Why King Carlson is above all competition | Chess News

Magnus Carlsen, who extended his reign Chess Empire over nine years with a resounding victory over Challenger Ian Nepomniachi In Dubai on Friday, understand that the game is neither equal nor fair. Considering some of his quotes during the World Championship match, the Norwegian is probably happy with the brutal consequences of being an athlete.
Carlson controlled 40 moves for the first time in just six seconds to get into the sixth game of his match’s main 136-move. However, he welcomed the new rule of no clock increase for the first 60 moves, fewer rest days and three games in a row. “It’s not entirely pleasant (lack of growth), but it’s worth it,” he said.
On the experience of finishing Game 6 after midnight and starting the next game on the same day, he said, “It messes up everyone’s schedule. But that’s why we’re here. So that’s good.” On another question, the 31-year-old five-time matchplay champion said, “It meant we were going to have a serious struggle and I was happy with that.”
Carlson’s fascination with suffering – and his willingness to play in minus and equal positions until opponents blink – has made him one of the greatest players of all time in the game. His dominance can only be compared to that of Bobby Fisher Gary Kasparov.
Seven-time national champion Praveen Thipse told TOI, “I don’t think this is a pain but a challenge to his intelligence and creativity in defending the counter-attack that gives him all the joy he expects to get out of the game. It excites him. On the contrary, the excitement is more important to him than just winning. ”
In an age where players’ reliance on chess engines has multiplied, Carlson’s scholarly rival Anish Giri said on the Chess 24 broadcast, “Magnus goes for positions that will provide opportunities for human movement.”
Anand added FIDE Broadcast: “The worst thing is that the opponents do not understand what they are facing. The situation seems to be detrimental and then Magnus does his job (leaving them behind in the endgame).”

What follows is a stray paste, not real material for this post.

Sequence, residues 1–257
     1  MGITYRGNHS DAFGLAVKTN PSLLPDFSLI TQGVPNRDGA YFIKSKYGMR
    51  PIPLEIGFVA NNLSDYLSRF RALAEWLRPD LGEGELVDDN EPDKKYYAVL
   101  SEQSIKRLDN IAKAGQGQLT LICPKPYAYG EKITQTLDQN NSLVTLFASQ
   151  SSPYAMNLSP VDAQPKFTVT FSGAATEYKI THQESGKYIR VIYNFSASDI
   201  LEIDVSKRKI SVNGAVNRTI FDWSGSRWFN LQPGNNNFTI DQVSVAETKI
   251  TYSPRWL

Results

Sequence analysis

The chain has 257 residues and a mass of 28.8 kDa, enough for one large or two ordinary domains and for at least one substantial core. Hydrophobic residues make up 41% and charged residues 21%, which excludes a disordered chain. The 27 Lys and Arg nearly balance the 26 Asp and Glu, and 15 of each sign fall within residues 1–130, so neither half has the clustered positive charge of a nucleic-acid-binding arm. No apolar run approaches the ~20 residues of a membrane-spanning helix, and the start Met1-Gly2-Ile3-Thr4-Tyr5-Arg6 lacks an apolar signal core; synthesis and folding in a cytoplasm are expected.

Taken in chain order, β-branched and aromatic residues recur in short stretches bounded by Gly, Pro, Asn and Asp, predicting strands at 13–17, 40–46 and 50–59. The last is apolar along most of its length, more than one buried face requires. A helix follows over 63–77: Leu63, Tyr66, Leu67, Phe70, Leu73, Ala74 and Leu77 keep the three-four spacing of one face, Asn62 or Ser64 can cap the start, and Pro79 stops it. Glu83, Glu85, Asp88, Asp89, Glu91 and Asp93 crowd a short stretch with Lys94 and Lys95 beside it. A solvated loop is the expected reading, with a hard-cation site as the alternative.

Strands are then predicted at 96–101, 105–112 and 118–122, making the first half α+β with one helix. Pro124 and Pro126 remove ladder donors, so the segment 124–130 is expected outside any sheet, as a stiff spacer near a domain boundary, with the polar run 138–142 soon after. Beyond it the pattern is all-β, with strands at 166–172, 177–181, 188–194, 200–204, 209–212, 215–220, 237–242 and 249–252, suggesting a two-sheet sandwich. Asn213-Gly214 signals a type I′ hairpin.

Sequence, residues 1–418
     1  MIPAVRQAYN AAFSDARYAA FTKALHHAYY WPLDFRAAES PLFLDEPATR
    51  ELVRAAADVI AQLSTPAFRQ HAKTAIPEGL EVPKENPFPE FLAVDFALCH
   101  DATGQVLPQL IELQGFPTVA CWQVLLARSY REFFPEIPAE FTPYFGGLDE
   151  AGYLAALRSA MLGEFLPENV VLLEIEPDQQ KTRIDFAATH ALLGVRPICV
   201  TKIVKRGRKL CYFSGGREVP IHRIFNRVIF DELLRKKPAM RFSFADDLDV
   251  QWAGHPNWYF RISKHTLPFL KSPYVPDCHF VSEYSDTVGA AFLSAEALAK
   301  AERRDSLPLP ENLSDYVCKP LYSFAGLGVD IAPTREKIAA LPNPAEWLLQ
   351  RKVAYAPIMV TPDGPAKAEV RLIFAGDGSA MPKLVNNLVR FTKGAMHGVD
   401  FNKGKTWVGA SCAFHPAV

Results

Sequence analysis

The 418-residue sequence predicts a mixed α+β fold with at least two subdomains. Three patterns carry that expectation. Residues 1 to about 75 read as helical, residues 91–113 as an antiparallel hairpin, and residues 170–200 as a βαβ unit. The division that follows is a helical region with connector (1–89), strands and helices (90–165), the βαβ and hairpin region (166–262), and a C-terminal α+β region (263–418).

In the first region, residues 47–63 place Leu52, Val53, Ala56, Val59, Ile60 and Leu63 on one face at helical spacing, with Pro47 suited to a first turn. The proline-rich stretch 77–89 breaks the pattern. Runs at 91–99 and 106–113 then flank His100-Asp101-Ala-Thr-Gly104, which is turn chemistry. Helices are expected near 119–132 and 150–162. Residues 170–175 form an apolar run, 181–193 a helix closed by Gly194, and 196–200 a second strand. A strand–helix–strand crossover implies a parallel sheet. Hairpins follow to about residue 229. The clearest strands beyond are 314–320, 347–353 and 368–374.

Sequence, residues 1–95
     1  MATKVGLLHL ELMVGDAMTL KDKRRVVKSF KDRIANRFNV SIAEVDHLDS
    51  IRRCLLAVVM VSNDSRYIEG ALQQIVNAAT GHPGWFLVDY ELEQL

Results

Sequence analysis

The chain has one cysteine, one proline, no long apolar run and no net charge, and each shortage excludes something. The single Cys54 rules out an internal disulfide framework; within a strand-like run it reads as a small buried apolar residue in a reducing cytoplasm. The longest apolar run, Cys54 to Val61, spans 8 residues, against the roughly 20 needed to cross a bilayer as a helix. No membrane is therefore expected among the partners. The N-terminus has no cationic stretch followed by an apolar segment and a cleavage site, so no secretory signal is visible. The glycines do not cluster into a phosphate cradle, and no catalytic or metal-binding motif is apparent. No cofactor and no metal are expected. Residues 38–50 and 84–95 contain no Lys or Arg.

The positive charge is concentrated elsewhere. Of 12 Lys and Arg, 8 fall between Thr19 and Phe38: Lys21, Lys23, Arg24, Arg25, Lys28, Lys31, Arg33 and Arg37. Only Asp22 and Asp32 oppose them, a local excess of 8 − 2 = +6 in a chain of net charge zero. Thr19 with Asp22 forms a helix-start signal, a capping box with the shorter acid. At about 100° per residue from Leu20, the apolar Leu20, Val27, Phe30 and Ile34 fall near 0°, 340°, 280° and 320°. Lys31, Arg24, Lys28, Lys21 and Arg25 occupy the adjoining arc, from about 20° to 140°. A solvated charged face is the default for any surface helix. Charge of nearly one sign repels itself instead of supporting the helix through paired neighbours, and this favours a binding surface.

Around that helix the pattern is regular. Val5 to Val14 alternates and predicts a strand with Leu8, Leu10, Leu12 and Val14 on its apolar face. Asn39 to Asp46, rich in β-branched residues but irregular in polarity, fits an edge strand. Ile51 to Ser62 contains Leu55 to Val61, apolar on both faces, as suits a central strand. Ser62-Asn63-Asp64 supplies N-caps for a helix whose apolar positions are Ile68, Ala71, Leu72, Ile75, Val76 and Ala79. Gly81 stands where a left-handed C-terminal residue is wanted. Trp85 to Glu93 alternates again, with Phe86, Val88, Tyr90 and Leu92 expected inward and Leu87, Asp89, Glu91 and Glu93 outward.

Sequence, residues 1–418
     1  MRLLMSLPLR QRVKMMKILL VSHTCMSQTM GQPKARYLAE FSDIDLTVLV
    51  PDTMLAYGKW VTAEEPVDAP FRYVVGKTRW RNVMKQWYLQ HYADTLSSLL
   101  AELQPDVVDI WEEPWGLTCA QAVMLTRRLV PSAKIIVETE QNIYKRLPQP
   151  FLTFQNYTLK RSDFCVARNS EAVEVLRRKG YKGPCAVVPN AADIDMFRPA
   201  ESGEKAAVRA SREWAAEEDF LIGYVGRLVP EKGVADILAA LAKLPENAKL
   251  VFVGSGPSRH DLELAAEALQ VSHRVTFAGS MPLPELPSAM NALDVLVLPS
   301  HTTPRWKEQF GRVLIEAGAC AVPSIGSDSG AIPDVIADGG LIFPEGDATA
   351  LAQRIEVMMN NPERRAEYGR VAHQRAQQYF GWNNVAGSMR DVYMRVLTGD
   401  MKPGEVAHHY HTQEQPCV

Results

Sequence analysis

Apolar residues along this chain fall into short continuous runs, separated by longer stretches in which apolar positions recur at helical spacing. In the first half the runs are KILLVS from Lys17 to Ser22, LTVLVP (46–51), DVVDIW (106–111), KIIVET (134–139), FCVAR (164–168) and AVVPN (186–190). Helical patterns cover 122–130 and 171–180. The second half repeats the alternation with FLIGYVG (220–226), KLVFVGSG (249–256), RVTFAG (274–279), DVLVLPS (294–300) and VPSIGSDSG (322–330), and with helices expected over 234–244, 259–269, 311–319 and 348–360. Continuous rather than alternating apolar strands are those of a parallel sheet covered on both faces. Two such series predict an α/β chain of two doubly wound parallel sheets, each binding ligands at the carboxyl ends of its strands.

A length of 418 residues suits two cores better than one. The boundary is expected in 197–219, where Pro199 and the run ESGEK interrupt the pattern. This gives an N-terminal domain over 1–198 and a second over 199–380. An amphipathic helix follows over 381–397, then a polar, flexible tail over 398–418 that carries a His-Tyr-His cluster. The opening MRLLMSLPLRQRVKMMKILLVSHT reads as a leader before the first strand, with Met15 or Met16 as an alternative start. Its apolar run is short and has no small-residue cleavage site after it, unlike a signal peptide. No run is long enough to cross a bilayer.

Carlson, unlike Kremnik (2000-07 champion) and Anand (2008-12), is simply not happy to retain his title.
He will celebrate his title by playing in the World Rapid and Blitz Championships in Warsaw, Poland during the X-Mas later this month.
Carlson seems open to different ideas. “The ideal system for finding a world champion depends on what you want to be the world champion. Do you want to find the best player in the world and what it means (best); and how you balance it with thrilling and sporting competition. He said after winning.
Carlson doesn’t mind losing the traditional privilege of playing the next title match as the defending champion. The rest of the chess world finds it difficult to keep up with him.
The next world title match
The eight-player tournament is scheduled for next year, with the winner taking on Carlson in early 2023. Only two vacancies are vacant (by GP category). Five qualifiers so far: NEPO, Jan-Krzysztof Duda (Poland), Sergei Karjakin (Russia), Alireza Firozza (Iranian became French), Fabiano Caruana (USA) plus wild card Timur Radjabov (Azerbaijan).
For fans of Carlson and chess, who would be their favorite opponent? World No. 2 Froza, only 18 years old, the youngest Elo 2800 barrier breaker. Said Carlson. “His performance on the Grand Swiss Tour was superb. He encouraged me.”


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